• In the bowl with the potato "meat", mix in the cheese, yogurt, scallions, herbs, seasonings.  Mix well.  Taste.  Adjust seasonings accordingly.  Split the filling in half, and fill the potato skins.  Put back in oven and bake until it starts browning, about 15 minutes.
-Erin Swing
The Sensitive Epicure

This is part of Food Network's Comfort Food Feast. Check out The FN Dish.  This week we're focusing on potatoes.  On twitter, we're tagging #ComfortFoodFeast.  Here are other amazing potato recipes to try out from our other friends:   

Thursday, March 6, 2014

Mini Deep Dish Polenta Pizzas (Gluten-Free)

When I was personal cheffing, my client was allergic to yeast, eggs, and lactose-intolerant in addition to having Celiac.   He lived in Chicago and grew fond of Chicago deep dish pizza before I started cooking for him and learning of his dietary restrictions.  My solution: using a crisped up polenta shell as the pizza pie crust, don't hold back on the fillings, and top with goat milk mozzarella (goat and sheep milk are naturally lactose-free).  Instant new pizza love.  It's just so different, yet very appealing while still obviously a deep dish pizza.  A pizza pie reinvented.

While it takes longer to make this polenta pizza pie crust since it's made from dry polenta, it is easier than a traditional pizza crust.  The beauty lies in its natural rustic character, i.e., the more imperfect it is, the more appealing it is.  Another beauty of this recipe is you can tailor it to your likes and needs.  This pizza has two layers of filling: a spinach/sausage/shallot and a tomato sauce.  Don't forget to taste each component along the way for the best tasting pizza pies.  Swap out the sausage for spicy sausage, chicken sausage, bacon, or even mushrooms to make vegetarian.  Swap out the cheese for your cheese of choice.  The possibilities are endless, but it will be guaranteed to be delicious.

Mini Deep Dish Polenta Pizza Pies (Gluten-Free)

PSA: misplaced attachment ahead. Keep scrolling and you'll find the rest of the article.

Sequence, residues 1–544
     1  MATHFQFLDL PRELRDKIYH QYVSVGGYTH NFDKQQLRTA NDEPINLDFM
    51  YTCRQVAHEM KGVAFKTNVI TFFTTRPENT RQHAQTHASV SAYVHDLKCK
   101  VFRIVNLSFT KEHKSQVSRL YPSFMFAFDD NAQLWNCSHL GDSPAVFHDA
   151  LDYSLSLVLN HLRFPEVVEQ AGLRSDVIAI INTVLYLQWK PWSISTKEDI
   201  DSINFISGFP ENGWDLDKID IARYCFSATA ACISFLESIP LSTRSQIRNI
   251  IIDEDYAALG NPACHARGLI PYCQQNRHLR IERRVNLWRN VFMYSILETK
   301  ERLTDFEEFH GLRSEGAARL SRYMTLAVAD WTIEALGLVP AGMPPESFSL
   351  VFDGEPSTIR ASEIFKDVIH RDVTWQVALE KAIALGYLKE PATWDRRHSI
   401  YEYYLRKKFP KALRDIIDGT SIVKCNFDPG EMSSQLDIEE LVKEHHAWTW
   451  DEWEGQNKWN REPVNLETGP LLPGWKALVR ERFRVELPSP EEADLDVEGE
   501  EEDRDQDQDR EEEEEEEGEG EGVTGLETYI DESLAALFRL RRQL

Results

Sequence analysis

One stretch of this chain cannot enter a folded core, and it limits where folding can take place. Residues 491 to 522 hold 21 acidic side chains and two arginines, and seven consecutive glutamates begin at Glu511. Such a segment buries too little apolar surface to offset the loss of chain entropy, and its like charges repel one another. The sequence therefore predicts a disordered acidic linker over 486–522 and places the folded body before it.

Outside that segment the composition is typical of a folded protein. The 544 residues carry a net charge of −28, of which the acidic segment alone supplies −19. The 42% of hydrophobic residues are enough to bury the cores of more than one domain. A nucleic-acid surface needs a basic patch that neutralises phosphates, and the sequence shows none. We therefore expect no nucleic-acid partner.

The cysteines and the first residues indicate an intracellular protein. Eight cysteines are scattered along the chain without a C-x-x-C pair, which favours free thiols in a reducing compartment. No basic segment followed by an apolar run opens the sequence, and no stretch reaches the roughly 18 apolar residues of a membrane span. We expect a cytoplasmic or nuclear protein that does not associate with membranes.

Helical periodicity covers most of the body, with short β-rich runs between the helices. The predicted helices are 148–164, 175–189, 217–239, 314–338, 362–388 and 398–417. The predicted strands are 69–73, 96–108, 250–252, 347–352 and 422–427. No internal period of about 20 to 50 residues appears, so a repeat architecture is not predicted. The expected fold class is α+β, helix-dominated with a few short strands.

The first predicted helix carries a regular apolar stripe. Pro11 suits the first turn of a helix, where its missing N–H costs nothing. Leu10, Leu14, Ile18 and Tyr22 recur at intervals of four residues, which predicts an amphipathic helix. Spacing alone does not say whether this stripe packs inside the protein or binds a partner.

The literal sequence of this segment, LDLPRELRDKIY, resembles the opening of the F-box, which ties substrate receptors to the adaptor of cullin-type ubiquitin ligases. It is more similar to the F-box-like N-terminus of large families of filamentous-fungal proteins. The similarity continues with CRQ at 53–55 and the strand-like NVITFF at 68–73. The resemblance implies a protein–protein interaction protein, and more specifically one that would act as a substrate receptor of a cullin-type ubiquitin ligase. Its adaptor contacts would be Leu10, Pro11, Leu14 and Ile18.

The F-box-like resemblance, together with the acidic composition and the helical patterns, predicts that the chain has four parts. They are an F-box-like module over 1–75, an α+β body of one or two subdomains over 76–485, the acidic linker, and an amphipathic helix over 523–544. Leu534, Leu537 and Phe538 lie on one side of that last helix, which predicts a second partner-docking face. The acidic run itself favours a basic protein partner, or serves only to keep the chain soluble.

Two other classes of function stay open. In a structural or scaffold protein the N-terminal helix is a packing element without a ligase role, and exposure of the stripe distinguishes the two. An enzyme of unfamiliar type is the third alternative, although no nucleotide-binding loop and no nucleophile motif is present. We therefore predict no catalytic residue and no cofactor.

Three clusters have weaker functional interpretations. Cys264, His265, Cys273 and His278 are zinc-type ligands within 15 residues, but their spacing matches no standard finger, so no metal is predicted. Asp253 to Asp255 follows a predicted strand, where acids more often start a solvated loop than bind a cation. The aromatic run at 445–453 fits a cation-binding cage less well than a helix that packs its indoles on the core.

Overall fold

• polenta or GF corn grits (dry), 1 cup
  • water or stock of your choice, 3 cups
  • olive oil, 2 tablespoons, divided
  • small yellow onion or large shallot, chopped fine
  • sweet Italian sausage, about 1/2 pound, without casing
  • baby spinach, about 4 hands full, chopped fine
  • can of crushed tomatoes, preferably San Marzano
  • garlic, 2-3 cloves, crushed
  • chili flakes, pinch (optional)
  • oregano, 1 teaspoon, divided
  • salt and pepper to taste
  • goat milk mozzarella, 1 cup shredded
  1. Preheat oven to 325F.  In a medium sauce pan, heat the polenta and water/stock over medium heat with some salt if necessary.  With frequent stirring, cook down until it becomes the consistency of a thick porridge (about 20-30 minutes).  Make sure to taste and add more salt if needed.   Immediately divide evenly into a 12-muffin tin.  Use something like a shot glass coated with oil to form into a shell with relatively uniform thickness walls.  Bake in a 325F oven until lightly golden brown and crispy (about 20-30 minutes).
  2. While the polenta shells are baking, start preparing to 2 layers: tomato sauce; and the sauteed sausage and spinach.
  3. Tomato sauce:  In a large skillet over medium heat, combine 1 tablespoon olive oil with the tomatoes, garlic, oregano, and chili flakes.  Reduce heat to low and frequently stir until it cooks down to a nice thickness.  Season with salt and pepper to taste.
  4. Spinach and sausage filling: In a large skillet over medium heat, combine 1 tablespoon olive oil with the chopped shallot or onion, and the sausage.  Break up and sauteed frequently with a spatula.  Once the sausage has browned, add in the chopped spinach and saute.  Season with oregano, salt, and pepper to taste.
  5. Assemble the mini pizza pies: using a spoon, first spoon the sausage and spinach filling half way in all the shells, followed by filling the rest almost to the top with the tomato sauce.  Sprinkle a little bit of the cheese on top.  Place in a 375F oven for about 15 minutes until the cheese turns a little bubbly and/or browned.  Allow to cool slightly before serving.  Makes 12 mini polenta pizza pies.
-Erin Swing
The Sensitive Epicure

This is part of Food Network's Comfort Food Feast. Check out The FN Dish.  This week we're focusing on pizza.  On twitter, we're tagging #ComfortFoodFeast.  Here are other amazing pizzas to try out from our other friends:  

The Heritage Cook: Gluten-Free Pizza Crust and Homemade Pizza Sauce
Jeanette's Healthy Living: Easy Turkey Taco Pizza
Devour: Top 5 Pizzas Without Sauce
Elephants and the Coconut Trees: Pepperoni Pizza Puffs
Weelicious: Pizza Balls
Dishin & Dishes: Iron Skillet Chicken Pesto Pizza
Napa Farmhouse 1885: Pizza with Sun-Dried Tomato, Red Pepper and Corn
Red or Green: Pizza with Green Chile, Chicken and Cheese (Gluten-Free)
Virtually Homemade: Individual Cheese Quesadilla Pizzas
Domesticate Me: Grilled Pita Pizza with Prosciutto, Chanterelles, Arugula and a Fried Egg
Food for 7 Stages of Life: No Yeast Pizza Dough
In Jennie's Kitchen: Easy, Homemade Pizza Dough
The Blue Apron Blog: Our Favorite Pizza Toppings
The Sensitive Epicure: Mini Deep Dish Polenta Pizzas (Gluten-Free)
FN Dish: Homemade Pizza Comfort by the Slice